In the afternoons, hungover brigades of Elven Kings march the streets, gruffly making certain that residents and merchants alike erect their great street fans to block out most of the sunlight. A stink likened to fermented cabbage rises from the chimneys of shacks where indentured servants process the raw ingredients for the Sho-Maht drug available so cheaply in Berchan. The distant roar of crocodactyls taking flight occasionally pierces the air, the beasts bearing speculative merchants into the dangerous and seldom explored lands of strange worlds beyond the walls of the city.

Come nightfall, the street fans are lowered and mobile stages erected. Impoverished alley theater performances begin amidst roving drum competitions. The eldest race of Gathox, called The Bloody People by humans and mutants but Sluurgal by their own tongue, emerge from their ground holes to begin the endless process of repainting dilapidated buildings throughout the neighborhood. The flapping of boil bunny ears can be heard beating around the upper branches of the Jimmelune trees, where they feast on the ever-growing Jimmelune fruit which is used to create the cheap drink Jimmy wine. By midnight, the Corner Fires are extinguished and private parties begin behind closed shack doors.

Who Rules

As a smaller community than The Kettle, there are only three gangs in control of the Favela. Although they make gestures toward peace, their interactions are less stable than those of Kettle gangs. The Elven Kings arguably hold the most land and wealth, and certainly maintain the most visible presence in Berchan. In contrast to the Elven Kings, the Headlong Hurlers maintain a minimal profile, alternately policing and plundering the streets from their stories-high perch poles. The Bloody People maintain a quiet underground presence, emerging to maintain bits of the neighborhood in a centuries-old habit of fighting entropy.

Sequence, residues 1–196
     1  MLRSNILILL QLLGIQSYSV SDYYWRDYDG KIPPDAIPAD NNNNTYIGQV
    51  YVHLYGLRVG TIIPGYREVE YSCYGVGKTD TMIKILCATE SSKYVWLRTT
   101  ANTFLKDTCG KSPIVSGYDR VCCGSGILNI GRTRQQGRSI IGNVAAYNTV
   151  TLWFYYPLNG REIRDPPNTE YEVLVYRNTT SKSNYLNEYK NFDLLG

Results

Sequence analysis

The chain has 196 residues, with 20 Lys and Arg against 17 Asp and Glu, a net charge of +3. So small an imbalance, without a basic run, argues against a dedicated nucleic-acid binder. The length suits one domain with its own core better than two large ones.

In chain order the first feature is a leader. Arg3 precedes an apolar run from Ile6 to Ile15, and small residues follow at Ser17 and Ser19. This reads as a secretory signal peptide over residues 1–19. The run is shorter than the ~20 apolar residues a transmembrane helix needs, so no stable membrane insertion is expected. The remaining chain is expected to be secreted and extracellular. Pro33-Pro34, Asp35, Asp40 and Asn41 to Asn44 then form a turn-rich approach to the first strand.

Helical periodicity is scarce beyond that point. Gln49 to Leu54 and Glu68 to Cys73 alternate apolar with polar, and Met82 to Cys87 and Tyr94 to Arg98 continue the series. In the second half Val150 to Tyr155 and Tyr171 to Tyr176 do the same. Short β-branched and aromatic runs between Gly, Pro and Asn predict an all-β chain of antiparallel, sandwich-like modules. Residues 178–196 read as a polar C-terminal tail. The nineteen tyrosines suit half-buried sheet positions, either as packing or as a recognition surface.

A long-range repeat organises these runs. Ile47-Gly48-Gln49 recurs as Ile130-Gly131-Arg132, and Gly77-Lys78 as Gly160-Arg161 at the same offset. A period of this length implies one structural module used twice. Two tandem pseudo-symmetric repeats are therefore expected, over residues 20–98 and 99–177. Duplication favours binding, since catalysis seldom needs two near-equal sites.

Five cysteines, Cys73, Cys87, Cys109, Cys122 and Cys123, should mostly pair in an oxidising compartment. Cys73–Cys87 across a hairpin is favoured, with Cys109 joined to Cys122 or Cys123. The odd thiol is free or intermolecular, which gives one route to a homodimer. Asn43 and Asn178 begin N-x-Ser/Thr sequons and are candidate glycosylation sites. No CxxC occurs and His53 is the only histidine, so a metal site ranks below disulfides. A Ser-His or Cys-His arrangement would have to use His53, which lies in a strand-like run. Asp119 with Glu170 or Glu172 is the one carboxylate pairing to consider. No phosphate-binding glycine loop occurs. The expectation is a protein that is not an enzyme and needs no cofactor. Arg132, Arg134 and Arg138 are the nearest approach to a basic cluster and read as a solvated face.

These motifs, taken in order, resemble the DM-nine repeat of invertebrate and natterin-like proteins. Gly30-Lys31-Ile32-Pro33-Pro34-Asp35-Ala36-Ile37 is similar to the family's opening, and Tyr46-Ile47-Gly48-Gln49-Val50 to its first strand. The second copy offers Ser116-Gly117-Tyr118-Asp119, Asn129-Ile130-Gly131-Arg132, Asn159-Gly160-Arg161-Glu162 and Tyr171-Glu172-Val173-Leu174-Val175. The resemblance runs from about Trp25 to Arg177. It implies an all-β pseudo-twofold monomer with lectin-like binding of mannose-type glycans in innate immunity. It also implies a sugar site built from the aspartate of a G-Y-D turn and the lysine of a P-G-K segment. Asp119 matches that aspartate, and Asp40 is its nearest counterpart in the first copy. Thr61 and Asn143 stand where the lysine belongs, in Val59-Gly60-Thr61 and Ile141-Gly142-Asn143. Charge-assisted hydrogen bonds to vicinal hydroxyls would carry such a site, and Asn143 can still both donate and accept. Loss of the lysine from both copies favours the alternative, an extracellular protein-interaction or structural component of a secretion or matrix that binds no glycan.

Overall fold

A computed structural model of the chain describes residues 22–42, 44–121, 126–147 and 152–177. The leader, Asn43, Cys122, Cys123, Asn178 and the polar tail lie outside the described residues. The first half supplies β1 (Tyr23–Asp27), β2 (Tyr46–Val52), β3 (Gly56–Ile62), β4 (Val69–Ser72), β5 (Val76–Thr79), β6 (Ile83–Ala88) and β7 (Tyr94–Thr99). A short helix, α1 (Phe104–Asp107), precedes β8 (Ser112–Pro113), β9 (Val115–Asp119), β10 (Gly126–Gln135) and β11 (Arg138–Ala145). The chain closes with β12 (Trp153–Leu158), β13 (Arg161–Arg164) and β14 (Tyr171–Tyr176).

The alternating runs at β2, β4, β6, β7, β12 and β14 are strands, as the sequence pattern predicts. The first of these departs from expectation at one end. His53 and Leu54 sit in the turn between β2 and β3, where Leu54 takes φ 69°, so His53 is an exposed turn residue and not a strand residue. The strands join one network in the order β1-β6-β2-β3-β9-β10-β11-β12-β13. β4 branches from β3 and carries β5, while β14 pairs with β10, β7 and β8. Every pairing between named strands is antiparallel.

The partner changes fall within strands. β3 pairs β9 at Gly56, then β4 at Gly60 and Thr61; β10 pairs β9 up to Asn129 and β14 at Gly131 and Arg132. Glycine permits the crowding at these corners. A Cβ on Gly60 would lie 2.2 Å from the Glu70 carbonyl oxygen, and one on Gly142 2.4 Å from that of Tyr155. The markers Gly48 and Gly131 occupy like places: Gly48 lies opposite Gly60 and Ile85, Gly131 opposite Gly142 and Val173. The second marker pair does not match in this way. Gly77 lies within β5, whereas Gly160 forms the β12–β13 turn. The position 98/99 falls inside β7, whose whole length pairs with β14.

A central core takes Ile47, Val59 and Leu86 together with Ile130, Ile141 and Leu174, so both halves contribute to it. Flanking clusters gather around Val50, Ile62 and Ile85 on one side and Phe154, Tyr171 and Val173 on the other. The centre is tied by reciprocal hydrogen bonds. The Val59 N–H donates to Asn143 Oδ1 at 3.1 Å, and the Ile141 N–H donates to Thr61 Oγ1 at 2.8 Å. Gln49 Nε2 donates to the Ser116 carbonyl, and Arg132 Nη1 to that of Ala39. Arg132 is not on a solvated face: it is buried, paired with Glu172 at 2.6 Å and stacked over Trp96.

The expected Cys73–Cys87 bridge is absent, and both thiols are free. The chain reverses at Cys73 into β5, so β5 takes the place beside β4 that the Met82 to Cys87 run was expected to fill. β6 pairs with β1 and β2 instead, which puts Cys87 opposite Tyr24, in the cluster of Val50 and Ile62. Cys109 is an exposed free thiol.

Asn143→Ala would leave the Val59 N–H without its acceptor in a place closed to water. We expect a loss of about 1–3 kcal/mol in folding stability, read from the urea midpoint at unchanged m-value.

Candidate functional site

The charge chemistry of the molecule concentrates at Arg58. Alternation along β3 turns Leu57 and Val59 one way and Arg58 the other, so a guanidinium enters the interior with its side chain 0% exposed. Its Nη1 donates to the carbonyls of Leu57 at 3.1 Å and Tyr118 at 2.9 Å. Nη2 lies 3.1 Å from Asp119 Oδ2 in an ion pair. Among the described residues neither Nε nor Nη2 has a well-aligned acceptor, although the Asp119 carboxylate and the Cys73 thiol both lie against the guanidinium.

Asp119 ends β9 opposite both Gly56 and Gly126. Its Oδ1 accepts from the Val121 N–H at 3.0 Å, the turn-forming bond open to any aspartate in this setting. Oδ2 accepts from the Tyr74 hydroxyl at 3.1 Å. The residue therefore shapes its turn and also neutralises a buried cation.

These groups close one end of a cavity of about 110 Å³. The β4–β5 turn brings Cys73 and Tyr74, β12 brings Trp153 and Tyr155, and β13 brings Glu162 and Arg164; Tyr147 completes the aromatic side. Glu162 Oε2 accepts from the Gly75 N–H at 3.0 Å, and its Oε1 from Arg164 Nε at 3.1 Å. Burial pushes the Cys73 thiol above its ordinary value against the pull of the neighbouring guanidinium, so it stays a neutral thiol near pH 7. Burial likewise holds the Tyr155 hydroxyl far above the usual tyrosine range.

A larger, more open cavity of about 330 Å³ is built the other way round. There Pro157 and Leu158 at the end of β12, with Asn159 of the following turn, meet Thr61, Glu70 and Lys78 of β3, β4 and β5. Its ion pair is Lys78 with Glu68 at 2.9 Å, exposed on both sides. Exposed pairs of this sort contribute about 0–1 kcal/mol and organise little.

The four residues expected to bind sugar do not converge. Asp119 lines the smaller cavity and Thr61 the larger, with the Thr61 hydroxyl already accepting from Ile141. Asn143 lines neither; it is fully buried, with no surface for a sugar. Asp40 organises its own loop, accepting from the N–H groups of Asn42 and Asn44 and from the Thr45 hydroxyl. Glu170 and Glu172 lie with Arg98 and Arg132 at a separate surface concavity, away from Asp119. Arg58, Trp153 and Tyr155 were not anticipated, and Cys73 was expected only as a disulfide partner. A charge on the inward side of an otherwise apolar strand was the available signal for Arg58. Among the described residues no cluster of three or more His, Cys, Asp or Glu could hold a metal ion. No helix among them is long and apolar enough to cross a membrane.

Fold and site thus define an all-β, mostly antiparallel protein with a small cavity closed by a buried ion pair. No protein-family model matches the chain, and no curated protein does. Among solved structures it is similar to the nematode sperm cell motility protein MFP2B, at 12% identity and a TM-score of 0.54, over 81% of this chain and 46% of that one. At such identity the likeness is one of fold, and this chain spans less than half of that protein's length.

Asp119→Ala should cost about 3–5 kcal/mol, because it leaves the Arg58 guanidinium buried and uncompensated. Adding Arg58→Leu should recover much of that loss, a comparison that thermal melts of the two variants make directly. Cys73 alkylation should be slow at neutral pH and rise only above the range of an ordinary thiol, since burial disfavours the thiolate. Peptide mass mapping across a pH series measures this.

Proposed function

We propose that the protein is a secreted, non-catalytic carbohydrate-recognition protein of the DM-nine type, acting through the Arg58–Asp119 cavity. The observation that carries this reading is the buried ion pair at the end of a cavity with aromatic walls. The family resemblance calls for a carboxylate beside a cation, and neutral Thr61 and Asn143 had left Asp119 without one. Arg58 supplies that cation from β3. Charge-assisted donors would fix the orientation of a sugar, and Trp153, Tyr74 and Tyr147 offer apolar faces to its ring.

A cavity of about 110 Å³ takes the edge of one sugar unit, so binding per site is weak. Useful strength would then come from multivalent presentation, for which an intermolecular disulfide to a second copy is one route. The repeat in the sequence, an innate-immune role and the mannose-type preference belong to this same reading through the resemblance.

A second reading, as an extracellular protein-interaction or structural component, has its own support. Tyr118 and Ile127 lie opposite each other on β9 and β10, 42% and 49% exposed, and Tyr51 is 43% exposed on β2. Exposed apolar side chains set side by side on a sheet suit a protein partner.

The Elven Kings - The Elven Kings come from all walks of humanity, united in their obsessive worship of what they call “Fey Literature.” They grow their hair long and starve themselves in an attempt to appear more elf-like, often going so far as to adorn themselves with striated goldleaf jewelry and custom body modifications, like prosthetic ears. The most fanatic of The Elven Kings will seek out extensive cosmetic surgery, a life-threatening process under the best of circumstances in Gathox.